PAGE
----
Recent research has demonstrated that people can be trained to forget negative material. This experiment assessed the possible benefit of direct suppression in addition to the benefit of thought substitutes (indirect suppression) on subsequent attempts to recall words. We also investigated the association between recall following suppression training and subsequent responses to an acute laboratory stressor. After learning cue-target word pairs, participants completed a training phase in which they practiced suppressing targets and recalling substitutes or simply recalling substitutes with no instruction to suppress. Our results show similar effects of suppression condition on forgetting. Importantly, however, the absence of direct suppression predicted mood change in response to a subsequently presented laboratory stressor. These results suggest that direct suppression is not necessary for forgetting to occur, but it seems to protect against negative emotional consequences of interference-induced forgetting.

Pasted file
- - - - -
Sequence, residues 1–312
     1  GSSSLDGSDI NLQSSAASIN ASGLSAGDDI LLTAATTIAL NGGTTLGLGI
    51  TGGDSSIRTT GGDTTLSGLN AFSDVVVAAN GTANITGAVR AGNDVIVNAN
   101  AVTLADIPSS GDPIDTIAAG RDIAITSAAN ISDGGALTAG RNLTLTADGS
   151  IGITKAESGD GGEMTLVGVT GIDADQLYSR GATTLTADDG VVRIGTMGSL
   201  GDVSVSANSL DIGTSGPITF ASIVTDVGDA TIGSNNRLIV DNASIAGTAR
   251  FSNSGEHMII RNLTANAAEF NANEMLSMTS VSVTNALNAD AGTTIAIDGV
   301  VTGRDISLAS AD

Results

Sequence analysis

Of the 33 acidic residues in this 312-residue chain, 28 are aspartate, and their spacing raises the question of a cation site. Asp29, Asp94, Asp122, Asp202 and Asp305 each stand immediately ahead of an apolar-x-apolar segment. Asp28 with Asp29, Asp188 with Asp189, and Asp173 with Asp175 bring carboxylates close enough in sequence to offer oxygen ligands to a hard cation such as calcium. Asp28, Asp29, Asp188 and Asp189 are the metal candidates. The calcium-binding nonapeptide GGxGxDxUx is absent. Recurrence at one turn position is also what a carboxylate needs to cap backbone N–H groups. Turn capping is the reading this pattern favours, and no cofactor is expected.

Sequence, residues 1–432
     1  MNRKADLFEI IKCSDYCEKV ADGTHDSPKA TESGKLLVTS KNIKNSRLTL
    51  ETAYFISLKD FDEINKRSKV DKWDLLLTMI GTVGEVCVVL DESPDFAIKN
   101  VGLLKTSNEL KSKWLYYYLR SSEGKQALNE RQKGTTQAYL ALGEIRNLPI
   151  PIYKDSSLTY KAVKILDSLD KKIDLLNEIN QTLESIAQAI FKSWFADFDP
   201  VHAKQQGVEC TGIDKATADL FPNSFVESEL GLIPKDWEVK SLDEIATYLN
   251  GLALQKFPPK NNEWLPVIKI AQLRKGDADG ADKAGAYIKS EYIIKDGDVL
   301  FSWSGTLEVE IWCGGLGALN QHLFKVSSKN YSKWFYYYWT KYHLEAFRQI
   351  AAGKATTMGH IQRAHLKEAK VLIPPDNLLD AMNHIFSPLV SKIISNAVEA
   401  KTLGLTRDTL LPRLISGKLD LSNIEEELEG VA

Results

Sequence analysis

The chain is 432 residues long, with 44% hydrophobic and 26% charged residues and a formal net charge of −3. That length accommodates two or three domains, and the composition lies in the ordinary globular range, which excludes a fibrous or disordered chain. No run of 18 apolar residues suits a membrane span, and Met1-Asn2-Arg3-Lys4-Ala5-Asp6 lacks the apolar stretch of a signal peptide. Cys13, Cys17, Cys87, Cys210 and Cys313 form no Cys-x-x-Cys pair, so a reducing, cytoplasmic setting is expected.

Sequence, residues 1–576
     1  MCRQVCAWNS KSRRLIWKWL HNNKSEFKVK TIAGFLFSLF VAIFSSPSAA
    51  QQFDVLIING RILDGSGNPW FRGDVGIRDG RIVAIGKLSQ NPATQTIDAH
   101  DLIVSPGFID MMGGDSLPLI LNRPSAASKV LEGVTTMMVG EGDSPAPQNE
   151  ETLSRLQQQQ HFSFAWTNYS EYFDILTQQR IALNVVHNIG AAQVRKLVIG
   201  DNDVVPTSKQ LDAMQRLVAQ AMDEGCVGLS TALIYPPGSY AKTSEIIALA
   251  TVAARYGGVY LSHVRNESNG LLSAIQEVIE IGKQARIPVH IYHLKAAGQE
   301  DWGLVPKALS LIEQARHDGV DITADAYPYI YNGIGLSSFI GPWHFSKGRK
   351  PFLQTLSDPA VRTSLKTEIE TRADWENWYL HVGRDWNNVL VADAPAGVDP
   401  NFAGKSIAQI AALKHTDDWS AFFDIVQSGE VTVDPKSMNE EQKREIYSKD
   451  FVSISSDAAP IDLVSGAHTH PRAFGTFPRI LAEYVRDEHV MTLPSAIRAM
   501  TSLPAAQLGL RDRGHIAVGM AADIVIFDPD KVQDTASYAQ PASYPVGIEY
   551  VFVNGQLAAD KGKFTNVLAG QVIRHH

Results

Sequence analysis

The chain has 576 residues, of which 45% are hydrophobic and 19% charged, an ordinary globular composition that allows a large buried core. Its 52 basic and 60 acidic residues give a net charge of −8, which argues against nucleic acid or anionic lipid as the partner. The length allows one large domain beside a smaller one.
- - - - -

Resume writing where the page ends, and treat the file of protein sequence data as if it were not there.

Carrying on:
ASJC Scopus subject areas
- Experimental and Cognitive Psychology
- Developmental and Educational Psychology
- Arts and Humanities (miscellaneous)